It was a perfect storm, so to speak, a sign that I was meant to take action.
Earlier this week a friend sent me information about Vote Forward, a nonprofit organization of volunteers dedicated to helping citizens register to vote, and encouraging them to vote if they are already registered. It is a letter writing campaign that doesn’t take a great deal of time but has proven to be effective. I made a few excuses in my head about not being sure I had the time, one more thing, etc. and basically put it on the back burner.
Then…I heard the devastating news about the passing of Ruth Bader Ginsberg. Her thoughtful dedication to upholding the law and fighting against discrimination have been front and center in the news, a reminder to everyone of what must continue to be done to put and keep our country on a path of equality.
Then…I read about the publication of a new picture book later this month: The Teachers March! How Selma’s Teachers Changed History by investigative journalists Sandra Neil Wallace and Rick Wallace, illustrated by Charly Palmer. It recounts the march by teachers in 1965 that led to passage of the Voting Rights Act of 1965.
I logged into Vote Forward and signed up. My letters are printed, ready to be put in envelopes and sent on the designated day. I knew I could no longer make excuses. It is time to take action, however small. It is time to do something.
Last week I had the opportunity to attend an Unworkshop at the Highlights Foundation while taking one of their online courses. It was a wonderful three days of writing, learning, and thinking, full of inspiration. If you ever have the opportunity to be there, don’t think twice about it. There is magic in the air.
On my first morning I noticed a rabbit nibbling on the grass in front of the cabin. She didn’t seem bothered at all if I moved slightly or even got up to get something from inside. When she returned the next morning I struck up a conversation (very one-sided). I decided she must be my muse, so I wrote about her.
One rabbit nibbles
on one patch of grass,
the caviar of clover.
to live among the muses.
She fills her body,
then retreats to fill her soul –
Matt Esenwine has the poetry round up today at Radio, Rhythm, & Rhyme. Be sure to stop by to read an original poem from Lee Bennett Hopkins as well as links to lots of other poems and a giveaway.
Something wild appeared in my garden a few weeks ago. I was about to pull it out when I noticed the beautiful yellow blossoms. I waited, wondered, consulted with friends, and came to understand some type of squash was the surprise guest. Pumpkins? Maybe, but not likely.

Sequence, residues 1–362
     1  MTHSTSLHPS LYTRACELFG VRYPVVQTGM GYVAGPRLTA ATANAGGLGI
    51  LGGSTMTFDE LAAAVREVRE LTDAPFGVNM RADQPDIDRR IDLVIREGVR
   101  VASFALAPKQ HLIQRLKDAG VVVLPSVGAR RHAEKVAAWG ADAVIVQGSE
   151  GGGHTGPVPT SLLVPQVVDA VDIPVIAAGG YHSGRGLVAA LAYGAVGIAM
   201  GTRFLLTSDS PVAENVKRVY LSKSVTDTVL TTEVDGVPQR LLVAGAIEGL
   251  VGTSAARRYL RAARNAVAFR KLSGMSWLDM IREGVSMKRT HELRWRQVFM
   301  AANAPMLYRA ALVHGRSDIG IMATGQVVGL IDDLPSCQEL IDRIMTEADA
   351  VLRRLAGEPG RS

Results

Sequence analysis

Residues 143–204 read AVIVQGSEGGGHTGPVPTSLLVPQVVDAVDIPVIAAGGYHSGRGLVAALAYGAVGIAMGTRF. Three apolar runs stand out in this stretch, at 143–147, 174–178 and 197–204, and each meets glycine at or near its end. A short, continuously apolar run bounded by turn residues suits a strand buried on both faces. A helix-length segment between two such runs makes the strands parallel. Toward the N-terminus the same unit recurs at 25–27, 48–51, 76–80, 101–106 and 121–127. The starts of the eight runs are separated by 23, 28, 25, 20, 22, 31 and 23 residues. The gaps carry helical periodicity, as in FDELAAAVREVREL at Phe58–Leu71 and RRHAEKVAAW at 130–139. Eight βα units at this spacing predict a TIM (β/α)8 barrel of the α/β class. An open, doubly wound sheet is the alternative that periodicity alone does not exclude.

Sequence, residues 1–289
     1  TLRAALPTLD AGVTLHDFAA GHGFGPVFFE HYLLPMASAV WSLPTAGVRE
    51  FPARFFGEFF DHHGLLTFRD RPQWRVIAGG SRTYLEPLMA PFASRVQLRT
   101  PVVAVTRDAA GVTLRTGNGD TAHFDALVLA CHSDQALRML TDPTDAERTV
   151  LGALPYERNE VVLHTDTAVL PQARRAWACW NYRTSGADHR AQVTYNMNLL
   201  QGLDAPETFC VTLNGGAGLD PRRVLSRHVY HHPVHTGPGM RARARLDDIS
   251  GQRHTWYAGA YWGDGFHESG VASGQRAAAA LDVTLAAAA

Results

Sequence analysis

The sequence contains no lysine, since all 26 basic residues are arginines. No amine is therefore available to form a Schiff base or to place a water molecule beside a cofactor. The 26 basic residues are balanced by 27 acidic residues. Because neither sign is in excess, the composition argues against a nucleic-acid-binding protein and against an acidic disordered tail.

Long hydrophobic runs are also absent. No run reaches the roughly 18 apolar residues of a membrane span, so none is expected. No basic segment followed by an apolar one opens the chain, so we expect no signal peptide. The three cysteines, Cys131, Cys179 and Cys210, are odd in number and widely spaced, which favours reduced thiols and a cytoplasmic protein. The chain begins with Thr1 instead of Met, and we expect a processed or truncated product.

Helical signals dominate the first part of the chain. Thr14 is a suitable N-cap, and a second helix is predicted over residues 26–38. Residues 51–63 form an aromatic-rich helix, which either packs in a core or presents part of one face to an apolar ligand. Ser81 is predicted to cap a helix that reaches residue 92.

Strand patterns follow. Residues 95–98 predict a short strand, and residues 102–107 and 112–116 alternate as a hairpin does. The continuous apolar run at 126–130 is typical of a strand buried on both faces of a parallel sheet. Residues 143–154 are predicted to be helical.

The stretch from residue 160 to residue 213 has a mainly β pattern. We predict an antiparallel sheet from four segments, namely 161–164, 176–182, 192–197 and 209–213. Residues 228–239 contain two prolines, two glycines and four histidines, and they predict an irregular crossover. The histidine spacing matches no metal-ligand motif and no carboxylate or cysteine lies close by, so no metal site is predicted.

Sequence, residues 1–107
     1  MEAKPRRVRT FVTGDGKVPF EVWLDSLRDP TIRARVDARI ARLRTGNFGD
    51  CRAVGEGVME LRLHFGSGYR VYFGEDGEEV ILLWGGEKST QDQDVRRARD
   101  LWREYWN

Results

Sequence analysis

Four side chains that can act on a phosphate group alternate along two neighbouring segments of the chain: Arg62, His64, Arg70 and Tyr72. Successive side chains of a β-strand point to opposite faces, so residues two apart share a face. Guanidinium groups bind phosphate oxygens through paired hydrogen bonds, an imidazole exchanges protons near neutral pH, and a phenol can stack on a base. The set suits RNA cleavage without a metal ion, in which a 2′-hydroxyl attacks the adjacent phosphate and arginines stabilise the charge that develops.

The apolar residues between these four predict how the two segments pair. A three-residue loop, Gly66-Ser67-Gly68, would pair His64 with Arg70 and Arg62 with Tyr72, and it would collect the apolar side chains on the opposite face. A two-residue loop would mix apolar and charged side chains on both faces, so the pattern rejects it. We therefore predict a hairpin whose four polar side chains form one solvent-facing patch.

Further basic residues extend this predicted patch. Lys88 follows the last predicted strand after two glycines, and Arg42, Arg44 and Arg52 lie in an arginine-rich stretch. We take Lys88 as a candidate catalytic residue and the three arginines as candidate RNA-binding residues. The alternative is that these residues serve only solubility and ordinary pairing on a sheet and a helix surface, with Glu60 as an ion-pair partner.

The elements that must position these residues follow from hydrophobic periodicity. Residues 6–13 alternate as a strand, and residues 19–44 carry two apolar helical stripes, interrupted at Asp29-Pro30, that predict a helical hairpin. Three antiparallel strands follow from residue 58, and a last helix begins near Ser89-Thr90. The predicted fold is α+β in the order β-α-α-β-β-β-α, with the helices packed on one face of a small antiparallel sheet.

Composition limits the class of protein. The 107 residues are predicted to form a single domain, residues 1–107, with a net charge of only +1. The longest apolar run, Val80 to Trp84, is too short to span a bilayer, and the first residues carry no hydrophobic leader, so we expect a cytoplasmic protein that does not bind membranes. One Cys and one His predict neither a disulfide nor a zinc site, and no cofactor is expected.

But that got me thinking about the pumpkins waiting to be picked for all-things-pumpkin come fall, which will soon be knocking on our doors. So, here’s my attempt at a pumpkin persona poem.
Thoughts from a Pumpkin Patch
From vine to blossom to fruit –
Round and plump, slender or tall,
Will we end up as pies,
Or jack-o-lanterns with triangle eyes?
Will we decorate a hearth or home,
Or be the spice on a latte’s foam?
Here they come!
Which will they choose?
Today Carol Varsalona is hosting Poetry Friday at Beyond Literacy. So head on over for a salute to summer and some great poetry posts.
My OLW for 2020 is “astonish.” I’ve been trying to pay attention and write something down every day that astonishes me, like Mary Oliver suggests, in a log I call “daily snippets.” Sometimes it’s easy, like the other day when I watched a praying mantis climbing up the side of the shed, or yesterday when I copied a line from Jane Yolen into my notebook, one where she describes a poem as “the pause between heartbeats.” (Sigh!) But sometimes it’s a little harder, especially now that I’m spending less time out in the world.
The easiest times, it seems, are when I’m able to visit with my grandchildren, since everything they do astonishes me. In person or virtual, it doesn’t matter. Just the other day we watched as Nina fed herself for the first time. We cheered as she carefully picked up bits of food and found her mouth, occasionally not quite hitting the mark on her first attempt. We marveled at her joy of accomplishment, the amount of food that covered her face and encrusted her peach-fuzz hair. And it didn’t matter that this is a scene played out in thousands of homes every day. It was astonishing.
There are lots of things in nature that Alex is experiencing for the first time – a buzzing bee, a waxing and waning moon, a special flower that’s really a common weed. He will easily explain now that the bees are happy and we should just let them be, and that airplanes are loud because of the engines. Learning about the wonders of the world is astonishing.
And if I really think about it, I don’t have to venture far from home to be astonished.
Last week I spent a few days in the mountains with my children and grandchildren. On one of our morning walks I came upon a frog who had recently met his demise. While the vacation was filled with laughter and joy and the collection of memories, my thoughts kept returning to the frog. So I wrote about it.
The Frog That Once Knew
On a morning walk, wonder abounded in
the towering trees,
the gentle lap of the lake,
the sparkling sun.
I was not expecting the frog that once knew
the shade of the trees,
the skin-quenching lake,
the warmth of the sun.
A reminder that there is
no light without dark,
no joy without sorrow,
no victory without defeat.
Molly is hosting today’s Poetry Friday Roundup at Nix the Comfort Zone.